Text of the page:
The Self-Employed Landscape Report 2020

  • The total solo self-employed population has shrunk by 5 per cent since 2019 after 11 years of continuous growth
  • The number of self-employed claiming Universal Credit rose by 341 per cent
  • The sharpest decreases were among young self-employed (-11%), less highly skilled male self-employed (-11%) and disabled self-employed people (-8%)
  • Regionally, Yorkshire, Wales and the East of England saw the biggest drops
  • Of all skill groups, the biggest decline was a 20% drop in the number of process plant and machine operatives (SOC8)

The number of solo self-employed in the UK (excluding those who have others working for them) has fallen by five per cent from 4.6 million in 2019 to 4.4 million in 2020. This is a sharp drop for a sector that grew continuously between 2008 and 2019 – by a total of 40 per cent.

The financial impact of the pandemic has been uneven across the sector, with the sharpest drops in solo self-employed numbers among young people, men, disabled people and those in less highly skilled groups. The impact varies significantly across regions too, with the sharpest declines in Yorkshire, Wales and the East of England. The financial hit has also led to an enormous increase in solo self-employed people accessing the benefits system.

Skills and occupations

In terms of skills and occupations, the biggest drop was in Standard Occupational Category (SOC) 8. The number of people in this group – which includes process plant and machine operatives – fell by over 90,000 between 2019 and 2020 (a decrease of 20%). However, there were moderate decreases in almost all SOC groups.

The only skill groups that grew in the last year were the second and third highest-skilled groups, SOC2 and SOC3. SOC2 (professional occupations) grew by two per cent and SOC3 (associate and technical occupations) grew by three per cent compared to last year. The result is that the composition of the solo self-employed sector has shifted, so highly skilled freelancers (SOC1-3) now make up nearly half the entire sector (49% - up 3% on last year). The rise of highly skilled freelancers may also account for the fact that despite overall decline, the self-employed sector’s estimated contribution to the economy has risen from £305bn to £316bn in the last year.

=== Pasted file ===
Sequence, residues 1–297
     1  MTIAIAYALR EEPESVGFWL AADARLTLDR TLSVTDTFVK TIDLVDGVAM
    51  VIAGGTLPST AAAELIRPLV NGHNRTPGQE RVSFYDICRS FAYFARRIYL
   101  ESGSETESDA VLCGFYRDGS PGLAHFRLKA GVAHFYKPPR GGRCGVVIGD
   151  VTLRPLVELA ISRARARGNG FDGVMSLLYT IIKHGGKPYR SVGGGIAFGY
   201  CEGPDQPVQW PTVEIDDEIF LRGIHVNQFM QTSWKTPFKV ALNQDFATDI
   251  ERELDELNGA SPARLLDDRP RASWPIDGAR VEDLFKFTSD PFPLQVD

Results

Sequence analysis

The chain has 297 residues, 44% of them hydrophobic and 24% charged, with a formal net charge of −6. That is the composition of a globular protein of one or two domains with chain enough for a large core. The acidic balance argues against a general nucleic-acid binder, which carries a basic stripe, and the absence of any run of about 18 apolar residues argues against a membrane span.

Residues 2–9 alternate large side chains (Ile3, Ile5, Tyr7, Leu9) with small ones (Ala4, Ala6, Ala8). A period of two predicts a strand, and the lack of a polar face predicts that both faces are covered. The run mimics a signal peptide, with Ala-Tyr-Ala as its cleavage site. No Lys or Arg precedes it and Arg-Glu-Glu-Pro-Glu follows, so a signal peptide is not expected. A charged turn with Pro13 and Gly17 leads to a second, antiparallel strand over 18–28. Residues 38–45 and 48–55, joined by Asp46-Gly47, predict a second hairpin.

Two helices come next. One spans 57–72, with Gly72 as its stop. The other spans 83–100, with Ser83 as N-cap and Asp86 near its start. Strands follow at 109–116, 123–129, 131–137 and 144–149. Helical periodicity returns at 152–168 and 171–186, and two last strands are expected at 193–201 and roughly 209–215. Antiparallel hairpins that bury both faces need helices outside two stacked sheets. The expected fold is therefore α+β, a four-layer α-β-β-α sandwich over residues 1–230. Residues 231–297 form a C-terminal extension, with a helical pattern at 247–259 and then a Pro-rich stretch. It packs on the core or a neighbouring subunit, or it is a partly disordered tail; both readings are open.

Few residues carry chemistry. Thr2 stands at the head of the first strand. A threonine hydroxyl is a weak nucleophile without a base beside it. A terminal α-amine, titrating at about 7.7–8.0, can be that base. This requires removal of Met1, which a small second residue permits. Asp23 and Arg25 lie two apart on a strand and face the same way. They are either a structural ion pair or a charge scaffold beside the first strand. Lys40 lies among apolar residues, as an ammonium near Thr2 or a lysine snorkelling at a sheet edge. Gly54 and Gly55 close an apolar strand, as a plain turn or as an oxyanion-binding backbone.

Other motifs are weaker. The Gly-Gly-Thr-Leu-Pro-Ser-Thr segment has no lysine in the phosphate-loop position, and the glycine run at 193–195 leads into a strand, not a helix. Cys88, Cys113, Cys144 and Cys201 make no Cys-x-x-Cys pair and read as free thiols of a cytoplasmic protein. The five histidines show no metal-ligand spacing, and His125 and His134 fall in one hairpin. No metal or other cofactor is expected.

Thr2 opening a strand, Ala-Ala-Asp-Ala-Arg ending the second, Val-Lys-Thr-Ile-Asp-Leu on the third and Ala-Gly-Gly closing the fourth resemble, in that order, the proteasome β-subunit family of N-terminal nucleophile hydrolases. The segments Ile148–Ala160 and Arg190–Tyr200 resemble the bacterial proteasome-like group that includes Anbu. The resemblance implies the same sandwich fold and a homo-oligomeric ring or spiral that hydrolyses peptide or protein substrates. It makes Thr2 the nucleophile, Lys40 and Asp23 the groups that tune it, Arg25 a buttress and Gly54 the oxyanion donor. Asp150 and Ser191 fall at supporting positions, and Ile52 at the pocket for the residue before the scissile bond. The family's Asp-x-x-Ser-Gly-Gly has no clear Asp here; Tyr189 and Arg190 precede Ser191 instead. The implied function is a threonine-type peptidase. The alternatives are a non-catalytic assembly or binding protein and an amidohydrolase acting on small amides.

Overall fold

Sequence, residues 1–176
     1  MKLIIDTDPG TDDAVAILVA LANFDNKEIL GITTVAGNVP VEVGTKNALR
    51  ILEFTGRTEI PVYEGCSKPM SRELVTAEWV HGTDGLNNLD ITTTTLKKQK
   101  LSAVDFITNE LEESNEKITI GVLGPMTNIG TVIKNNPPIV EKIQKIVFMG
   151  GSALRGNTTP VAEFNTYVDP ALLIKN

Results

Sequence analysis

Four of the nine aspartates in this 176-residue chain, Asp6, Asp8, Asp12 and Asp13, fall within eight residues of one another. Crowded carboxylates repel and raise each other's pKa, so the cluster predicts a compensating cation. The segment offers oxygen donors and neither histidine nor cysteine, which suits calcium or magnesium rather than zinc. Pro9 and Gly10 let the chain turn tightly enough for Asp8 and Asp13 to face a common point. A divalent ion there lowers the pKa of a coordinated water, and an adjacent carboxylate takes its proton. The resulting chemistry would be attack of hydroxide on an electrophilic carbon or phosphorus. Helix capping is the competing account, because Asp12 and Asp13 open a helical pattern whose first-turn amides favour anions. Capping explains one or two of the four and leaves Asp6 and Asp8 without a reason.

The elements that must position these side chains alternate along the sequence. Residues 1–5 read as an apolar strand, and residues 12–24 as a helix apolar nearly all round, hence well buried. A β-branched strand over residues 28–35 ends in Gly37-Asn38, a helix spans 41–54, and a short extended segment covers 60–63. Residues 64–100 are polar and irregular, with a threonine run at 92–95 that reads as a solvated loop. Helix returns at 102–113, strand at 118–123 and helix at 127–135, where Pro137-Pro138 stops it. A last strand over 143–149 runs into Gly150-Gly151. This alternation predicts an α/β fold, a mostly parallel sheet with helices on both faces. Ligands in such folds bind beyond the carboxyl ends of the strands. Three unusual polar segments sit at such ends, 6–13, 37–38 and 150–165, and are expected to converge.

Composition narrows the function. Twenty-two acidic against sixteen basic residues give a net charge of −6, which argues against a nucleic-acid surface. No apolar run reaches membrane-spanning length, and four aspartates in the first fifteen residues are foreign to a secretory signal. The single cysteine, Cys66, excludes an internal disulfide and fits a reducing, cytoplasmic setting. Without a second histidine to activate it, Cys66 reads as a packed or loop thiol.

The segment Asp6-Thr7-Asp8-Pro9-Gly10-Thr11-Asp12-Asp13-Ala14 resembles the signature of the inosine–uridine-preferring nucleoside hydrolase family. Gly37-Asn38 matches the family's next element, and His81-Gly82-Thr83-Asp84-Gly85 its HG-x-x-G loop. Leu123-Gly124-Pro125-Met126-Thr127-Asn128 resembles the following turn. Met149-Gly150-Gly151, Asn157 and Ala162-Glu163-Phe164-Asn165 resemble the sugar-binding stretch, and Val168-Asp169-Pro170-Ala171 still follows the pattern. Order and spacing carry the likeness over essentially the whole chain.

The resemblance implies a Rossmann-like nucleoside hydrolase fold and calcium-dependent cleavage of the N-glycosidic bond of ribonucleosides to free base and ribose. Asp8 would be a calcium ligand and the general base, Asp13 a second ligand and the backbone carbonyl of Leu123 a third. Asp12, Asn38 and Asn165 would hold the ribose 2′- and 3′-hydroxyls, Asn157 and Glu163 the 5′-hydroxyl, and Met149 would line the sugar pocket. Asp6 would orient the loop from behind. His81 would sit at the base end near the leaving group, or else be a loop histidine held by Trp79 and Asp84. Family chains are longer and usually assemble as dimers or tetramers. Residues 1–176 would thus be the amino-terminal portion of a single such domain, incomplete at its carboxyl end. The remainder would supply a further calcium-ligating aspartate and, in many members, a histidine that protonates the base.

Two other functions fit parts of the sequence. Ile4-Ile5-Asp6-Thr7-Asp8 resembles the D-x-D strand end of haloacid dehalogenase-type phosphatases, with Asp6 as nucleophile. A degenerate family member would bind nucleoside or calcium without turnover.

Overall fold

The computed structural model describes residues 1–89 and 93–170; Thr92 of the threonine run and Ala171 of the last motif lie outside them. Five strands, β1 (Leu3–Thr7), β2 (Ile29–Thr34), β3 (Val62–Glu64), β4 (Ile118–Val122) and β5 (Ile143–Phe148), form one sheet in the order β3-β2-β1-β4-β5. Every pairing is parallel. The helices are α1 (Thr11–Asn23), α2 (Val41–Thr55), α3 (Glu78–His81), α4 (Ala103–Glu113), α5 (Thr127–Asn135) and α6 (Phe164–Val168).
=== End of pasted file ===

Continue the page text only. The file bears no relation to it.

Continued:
Looking at specific occupations, although most declined somewhat between 2019 and 2020, there was also significant variation. The number of people working in the biggest solo self-employed occupational group, construction and building trades, dropped by eight per cent to 405,000. Road transport driver numbers fell by 20 per cent to 261,000 and agricultural and related trades occupational numbers fell by 18 per cent to 175,000.

Among highly skilled freelancers, there was even more variation, with some groups actually seeing growth. While the biggest freelancer group – skilled artistic, literary and media occupations – remained roughly stable at 16 per cent of the freelance sector, the second-biggest freelancer occupational group, managers and proprietors, grew by two per cent. There were also increases in the number of freelancers working in healthcare (+19%), design (+17%), information technology and telecommunications (+8%), sport and fitness (+7%) and business, research and administration (+7%).